Southern Historical Society Papers, Volume 3. (ed. Reverend J. William Jones), Letters on the treatment and exchange of prisoners. (search)
tant, in which they assure you that they are as pleasantly and comfortably situated as is possible for prisoners of war, receiving from the Confederate authorities every privilege that we (they) could desire or expect; nor are we (they) unnecessarily exposed to fire, gives you all the information in regard to their treatment that you can reasonably desire. In conclusion, let me add that I presumed, from a copy of your confidential order of the 29th ultimo, found on the battle field on John's Island on the 9th. instant, that you were commanding in person the troops operating against this city, and as you had particularly requested me to communicate with you only by way of Port Royal ferry, I felt bound to delay my reply until I was assured it would promptly reach you by the route you were pleased to indicate. Very respectfully, your obedient servant, Sam. Jones, Major-General Commanding. To Major-General J. G. Foster, Commanding United States Forces, Hilton Head. Hdrs. Depart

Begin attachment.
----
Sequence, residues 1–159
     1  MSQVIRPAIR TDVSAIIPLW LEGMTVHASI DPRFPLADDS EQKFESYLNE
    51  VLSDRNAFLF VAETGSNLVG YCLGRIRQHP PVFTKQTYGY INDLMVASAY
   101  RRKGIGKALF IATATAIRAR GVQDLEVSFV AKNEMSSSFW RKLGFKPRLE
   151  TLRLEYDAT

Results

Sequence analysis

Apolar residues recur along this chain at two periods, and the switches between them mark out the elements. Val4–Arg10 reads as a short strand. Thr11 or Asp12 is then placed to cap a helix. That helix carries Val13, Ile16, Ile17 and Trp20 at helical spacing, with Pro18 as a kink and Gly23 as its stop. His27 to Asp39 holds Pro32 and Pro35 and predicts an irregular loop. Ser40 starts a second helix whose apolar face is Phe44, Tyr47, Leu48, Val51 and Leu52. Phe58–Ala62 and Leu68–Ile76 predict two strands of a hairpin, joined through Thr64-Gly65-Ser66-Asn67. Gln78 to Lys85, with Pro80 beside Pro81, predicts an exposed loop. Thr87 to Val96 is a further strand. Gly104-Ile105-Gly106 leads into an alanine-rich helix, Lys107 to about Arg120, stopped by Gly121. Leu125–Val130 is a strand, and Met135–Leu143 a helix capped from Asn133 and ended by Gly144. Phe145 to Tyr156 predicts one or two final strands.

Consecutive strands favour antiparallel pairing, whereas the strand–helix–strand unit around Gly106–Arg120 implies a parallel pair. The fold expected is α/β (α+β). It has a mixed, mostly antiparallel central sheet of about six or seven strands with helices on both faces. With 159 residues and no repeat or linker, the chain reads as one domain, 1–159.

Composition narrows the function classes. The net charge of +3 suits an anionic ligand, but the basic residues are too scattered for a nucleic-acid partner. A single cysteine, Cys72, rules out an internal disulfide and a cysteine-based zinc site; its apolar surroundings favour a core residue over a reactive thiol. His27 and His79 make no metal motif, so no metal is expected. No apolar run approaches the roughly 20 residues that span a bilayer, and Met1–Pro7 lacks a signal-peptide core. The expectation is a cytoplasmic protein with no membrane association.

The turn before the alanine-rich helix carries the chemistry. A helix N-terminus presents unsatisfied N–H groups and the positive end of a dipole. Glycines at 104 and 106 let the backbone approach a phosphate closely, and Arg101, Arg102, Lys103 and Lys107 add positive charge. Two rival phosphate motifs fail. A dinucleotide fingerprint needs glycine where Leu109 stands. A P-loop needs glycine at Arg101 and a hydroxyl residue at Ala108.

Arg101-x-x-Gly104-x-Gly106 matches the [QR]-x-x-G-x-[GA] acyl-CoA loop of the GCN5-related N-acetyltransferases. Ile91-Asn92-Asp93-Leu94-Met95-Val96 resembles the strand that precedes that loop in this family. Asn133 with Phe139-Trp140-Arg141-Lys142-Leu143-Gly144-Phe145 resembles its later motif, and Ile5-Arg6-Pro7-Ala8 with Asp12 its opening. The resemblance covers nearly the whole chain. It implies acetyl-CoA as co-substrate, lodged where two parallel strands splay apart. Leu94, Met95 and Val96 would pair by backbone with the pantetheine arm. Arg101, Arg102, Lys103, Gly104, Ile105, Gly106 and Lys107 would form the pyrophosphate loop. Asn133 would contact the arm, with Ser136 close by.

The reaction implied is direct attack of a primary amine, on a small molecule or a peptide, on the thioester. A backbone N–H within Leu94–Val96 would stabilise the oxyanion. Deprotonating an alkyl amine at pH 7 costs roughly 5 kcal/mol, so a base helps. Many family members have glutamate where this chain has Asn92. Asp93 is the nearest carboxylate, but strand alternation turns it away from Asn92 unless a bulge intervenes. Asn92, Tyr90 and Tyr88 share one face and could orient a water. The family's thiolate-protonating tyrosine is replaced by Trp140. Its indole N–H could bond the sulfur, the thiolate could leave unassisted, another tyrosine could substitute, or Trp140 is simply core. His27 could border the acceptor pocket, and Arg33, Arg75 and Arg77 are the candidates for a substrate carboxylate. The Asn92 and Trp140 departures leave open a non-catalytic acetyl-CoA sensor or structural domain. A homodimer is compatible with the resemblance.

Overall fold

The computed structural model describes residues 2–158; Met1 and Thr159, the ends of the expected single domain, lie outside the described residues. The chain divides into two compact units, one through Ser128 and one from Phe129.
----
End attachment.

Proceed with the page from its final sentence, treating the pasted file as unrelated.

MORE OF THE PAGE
Southern Historical Society Papers, Volume 10. (ed. Reverend J. William Jones), The private Confederate soldier. (search)